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My understanding is that nage-waza is grouped by factors such as difficulty of break-falling and throwing difficulty. Is there a reason osoto guruma is in dai gokyo while osoto gari is in dai ikkyo?

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The gokyo is organized around a number of pedagogical factors, including the difficulty of ukemi, the difficulty of the throw, the relevance of the throw, and so on. In my experience, few clubs teach according to the gokyo, and there are no clear answers on why a given throw is in its particular place. Mifune even had his own gokyo, with many throws moved to earlier or later in the sequence. Why? We don't know.

That said, osotogari is an easy throw to learn, or at least an easy throw to learn some version of. It's also easy to make the landing for osotogari to be quite pleasant. (It can also be made quite unpleasant.) Osotogari is also one of the most fundamental, common, high-percentage, applicable throws in judo. It is a common tokuiwaza among non-competitors, local competitors, and elite judoka, and one of the few common powerful tokuiwaza that does not require turning around like its competitors seoinage, uchimata, taiotoshi, or haraigoshi. (That list was taken from two spots in Ishikawa & Draeger's book, Judo Training Methods.)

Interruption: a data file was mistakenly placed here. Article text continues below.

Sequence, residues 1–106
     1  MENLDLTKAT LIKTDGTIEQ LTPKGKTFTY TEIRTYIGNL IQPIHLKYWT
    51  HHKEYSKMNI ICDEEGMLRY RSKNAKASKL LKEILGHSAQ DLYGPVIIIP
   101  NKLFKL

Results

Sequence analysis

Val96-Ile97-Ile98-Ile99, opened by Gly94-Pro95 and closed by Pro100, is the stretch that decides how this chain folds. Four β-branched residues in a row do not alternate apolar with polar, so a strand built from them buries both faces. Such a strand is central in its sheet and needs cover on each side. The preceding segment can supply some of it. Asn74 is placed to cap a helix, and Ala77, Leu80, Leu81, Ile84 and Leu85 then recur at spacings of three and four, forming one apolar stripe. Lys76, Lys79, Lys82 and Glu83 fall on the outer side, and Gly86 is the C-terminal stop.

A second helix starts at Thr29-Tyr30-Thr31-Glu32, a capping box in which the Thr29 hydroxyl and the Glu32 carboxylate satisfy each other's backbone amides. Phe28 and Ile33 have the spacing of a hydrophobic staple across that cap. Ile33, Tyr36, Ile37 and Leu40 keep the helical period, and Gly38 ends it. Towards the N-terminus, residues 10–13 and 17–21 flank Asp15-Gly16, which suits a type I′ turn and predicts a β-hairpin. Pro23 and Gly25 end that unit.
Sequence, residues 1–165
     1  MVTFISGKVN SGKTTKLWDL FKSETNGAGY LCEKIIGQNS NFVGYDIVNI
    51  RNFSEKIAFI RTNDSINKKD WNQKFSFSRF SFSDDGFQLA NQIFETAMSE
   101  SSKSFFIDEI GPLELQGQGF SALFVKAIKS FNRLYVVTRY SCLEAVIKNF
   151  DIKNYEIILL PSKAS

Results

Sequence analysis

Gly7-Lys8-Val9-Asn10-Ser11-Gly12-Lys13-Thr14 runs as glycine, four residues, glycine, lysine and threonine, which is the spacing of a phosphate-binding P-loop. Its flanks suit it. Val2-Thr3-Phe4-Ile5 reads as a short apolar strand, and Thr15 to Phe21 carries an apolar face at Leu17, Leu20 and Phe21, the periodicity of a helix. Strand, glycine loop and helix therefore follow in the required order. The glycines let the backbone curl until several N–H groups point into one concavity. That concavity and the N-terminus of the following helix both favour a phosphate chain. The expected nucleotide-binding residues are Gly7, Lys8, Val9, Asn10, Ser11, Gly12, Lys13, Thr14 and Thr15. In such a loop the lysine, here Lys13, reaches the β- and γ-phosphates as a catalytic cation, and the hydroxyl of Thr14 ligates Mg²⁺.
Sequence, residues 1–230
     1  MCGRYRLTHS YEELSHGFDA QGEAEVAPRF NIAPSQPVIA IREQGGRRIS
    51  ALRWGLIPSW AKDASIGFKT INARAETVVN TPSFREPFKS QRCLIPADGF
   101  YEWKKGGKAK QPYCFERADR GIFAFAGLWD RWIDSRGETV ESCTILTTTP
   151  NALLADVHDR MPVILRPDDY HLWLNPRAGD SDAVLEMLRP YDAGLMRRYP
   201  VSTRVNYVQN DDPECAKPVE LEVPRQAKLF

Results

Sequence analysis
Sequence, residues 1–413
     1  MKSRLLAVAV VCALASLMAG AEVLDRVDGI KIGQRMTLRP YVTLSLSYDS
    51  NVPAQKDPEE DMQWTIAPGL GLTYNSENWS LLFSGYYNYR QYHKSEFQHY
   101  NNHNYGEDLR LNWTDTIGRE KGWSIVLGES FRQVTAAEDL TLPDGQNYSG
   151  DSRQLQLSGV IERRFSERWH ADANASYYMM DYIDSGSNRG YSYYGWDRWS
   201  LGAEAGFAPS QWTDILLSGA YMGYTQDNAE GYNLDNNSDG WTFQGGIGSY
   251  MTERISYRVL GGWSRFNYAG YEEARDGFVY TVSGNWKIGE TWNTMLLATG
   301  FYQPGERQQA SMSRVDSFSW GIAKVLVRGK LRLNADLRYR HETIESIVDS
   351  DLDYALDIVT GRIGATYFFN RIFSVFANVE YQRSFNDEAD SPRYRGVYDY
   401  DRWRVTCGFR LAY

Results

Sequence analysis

In contrast, osotoguruma is an odd throw. It's not that well-suited to combination, nor is it common or applicable to a wide array of situations. It is virtually unheard of as a tokuiwaza. Taking the fall for it takes a bit of "judo sense", that is, understanding of how and when to take ukemi. It's easy to mistake for nidan osotogari, and the body mechanics necessary to differentiate it from that throw are fairly advanced.

All told, everything about both throws points towards putting osotogari at the start of any curriculum, and osotoguruma near the end.

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